Quinta das Bageiras Garrafeira Branco 2001
A richer wine from a top notch vintage, which shows white peach, with hints of toast and crème brulee. It’s beautifully balanced by fresh, seamlessly integrated acidity. With its sweeter fruit, it was the better match for scallops on a leek vinaigrette made with Bageiras’ very own, fruity, aged wine vinegar.
Quinta das Bageiras Pai Abel Branco 2010
Made from younger vines, this textured, peachy white is fresh and silky with hints of butterscotch and vanillin oak. A long, langorous arc of flavour. Perfectly paired with a fried egg on cep duxelles with chives.
Quinta das Bageiras Garrafeira Tinto 2008
On its own, this Baga is almost grapey such is its fresh, vibrant, raw even youth. With a firm, powdery chassis of tannins, its potentially explosive power is currently well-trammelled. It worked surprisingly well with (scarily visceral) hake roe dressed with Bageiras’ wine vinegar, lots of pepper and parmesan. Perhaps because the tannins shared the granular texture of the roe, while the wine’s minerality and freshness echoed the flavours of the sea, making for a clean finish.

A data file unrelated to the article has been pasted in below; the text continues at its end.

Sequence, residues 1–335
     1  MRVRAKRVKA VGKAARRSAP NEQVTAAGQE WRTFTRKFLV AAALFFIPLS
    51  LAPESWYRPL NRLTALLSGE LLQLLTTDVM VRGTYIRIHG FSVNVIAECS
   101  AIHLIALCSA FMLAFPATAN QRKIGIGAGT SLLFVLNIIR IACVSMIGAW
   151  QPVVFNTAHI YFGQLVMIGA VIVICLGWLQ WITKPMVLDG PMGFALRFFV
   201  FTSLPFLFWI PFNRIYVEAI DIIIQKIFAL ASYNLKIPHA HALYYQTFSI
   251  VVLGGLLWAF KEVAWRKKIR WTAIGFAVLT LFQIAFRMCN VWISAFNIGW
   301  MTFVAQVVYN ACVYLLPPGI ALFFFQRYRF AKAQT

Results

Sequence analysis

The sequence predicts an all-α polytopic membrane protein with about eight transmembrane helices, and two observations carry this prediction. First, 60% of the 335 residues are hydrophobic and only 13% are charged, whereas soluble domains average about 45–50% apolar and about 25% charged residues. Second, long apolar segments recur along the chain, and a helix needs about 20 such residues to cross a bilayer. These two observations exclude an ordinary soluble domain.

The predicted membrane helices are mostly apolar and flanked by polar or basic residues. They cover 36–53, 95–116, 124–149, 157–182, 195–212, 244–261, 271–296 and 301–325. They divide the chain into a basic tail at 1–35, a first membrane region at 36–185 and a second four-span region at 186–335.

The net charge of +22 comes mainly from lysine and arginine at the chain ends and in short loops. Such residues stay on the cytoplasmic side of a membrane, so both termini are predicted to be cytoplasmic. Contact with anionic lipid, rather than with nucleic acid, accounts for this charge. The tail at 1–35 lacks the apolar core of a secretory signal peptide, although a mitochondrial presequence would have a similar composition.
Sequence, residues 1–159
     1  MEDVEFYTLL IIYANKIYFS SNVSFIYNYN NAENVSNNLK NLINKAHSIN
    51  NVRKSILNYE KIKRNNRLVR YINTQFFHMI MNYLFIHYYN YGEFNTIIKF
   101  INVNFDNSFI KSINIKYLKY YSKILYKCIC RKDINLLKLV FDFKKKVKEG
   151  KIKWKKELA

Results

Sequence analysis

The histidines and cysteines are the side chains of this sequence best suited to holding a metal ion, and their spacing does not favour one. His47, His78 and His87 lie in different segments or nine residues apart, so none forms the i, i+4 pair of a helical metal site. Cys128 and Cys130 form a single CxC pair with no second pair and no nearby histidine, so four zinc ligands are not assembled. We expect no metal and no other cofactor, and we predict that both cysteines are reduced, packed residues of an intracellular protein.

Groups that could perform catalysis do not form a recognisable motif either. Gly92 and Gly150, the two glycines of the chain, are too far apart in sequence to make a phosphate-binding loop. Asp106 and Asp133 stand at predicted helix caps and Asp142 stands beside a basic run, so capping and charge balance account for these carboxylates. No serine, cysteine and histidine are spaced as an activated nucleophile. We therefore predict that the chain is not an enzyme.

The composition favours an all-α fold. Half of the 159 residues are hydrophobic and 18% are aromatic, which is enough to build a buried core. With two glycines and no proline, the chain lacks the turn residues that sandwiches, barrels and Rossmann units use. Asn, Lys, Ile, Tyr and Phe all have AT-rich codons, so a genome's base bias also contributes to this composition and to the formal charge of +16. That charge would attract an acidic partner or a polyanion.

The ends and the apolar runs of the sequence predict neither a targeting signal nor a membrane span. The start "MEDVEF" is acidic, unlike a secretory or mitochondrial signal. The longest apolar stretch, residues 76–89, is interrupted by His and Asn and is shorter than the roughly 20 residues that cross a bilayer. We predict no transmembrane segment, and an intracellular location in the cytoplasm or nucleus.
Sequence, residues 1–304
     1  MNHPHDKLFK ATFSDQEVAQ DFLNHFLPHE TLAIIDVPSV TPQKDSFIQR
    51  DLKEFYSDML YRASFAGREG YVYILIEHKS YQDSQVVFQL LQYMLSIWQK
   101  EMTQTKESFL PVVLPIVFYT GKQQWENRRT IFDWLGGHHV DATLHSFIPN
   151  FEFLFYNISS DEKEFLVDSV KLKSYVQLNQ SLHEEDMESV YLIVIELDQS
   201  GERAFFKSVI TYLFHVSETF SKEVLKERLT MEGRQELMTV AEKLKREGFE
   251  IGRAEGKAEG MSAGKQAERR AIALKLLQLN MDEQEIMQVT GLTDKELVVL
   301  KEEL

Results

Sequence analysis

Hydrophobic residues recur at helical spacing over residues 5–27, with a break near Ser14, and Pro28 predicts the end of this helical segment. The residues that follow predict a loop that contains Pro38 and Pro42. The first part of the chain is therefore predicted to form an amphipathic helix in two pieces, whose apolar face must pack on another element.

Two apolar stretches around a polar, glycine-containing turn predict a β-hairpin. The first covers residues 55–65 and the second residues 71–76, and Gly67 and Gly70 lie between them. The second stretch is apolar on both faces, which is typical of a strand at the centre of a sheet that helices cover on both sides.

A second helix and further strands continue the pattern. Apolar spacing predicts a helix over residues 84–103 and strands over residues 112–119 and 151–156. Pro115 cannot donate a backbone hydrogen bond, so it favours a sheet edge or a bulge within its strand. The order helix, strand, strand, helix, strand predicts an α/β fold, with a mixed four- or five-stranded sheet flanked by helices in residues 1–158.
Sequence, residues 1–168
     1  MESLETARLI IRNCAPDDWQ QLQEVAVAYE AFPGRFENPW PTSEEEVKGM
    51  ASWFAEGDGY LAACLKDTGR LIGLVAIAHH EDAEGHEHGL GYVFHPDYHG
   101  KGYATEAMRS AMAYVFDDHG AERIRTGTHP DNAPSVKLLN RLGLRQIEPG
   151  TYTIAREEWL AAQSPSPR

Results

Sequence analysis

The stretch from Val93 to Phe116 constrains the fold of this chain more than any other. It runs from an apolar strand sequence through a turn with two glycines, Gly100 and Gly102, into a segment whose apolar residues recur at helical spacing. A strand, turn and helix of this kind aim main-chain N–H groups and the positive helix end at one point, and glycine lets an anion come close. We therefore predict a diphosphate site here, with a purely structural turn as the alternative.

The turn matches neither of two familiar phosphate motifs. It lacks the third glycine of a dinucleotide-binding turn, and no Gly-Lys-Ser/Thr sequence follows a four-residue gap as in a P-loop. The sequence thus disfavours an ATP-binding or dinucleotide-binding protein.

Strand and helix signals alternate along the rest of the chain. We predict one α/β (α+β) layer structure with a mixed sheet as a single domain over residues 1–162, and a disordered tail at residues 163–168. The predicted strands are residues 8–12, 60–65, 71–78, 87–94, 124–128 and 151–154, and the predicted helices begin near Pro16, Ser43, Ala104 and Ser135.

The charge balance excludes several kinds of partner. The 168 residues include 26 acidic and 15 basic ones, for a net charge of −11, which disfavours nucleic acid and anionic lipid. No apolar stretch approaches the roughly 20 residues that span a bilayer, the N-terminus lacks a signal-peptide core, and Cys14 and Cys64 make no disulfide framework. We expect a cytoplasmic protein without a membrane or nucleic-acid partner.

Quinta das Bageiras Garrafeira Tinto 2001 (magnum)
With several more years under its belt and from this highly rated vintage – Sérgio reckons his best to date – the 2001 is in magnificent form. Sweet, ripe, dark berry and cherry fruit is fleshy yet well defined and elegant, with smoky, mineral nuances and long-chain, lingering tannins of just lovely, melting sucrosity. Outstanding.
Quinta do Canto 1995
This so put me in mind of fine, mature Burgundy with its soaring incense, sweet, ripe red and plum fruits and cool tang of clay. There’s a hint of pine needles too – a regional signature note, as are the firm tannins. But they’re ripe and yielding too, making this wine a fine match for Claro’s expertly roasted blue fin tuna belly with rosemary.
Quinta das Bageiras Garrafeira 1997
Less powerful than the 2001, but again, showing sweet red cherry fruit, smoke and minerals, well supported by firm but ripe tannins. Pine needle notes again play well to the rosemary in the tuna dish. Very good.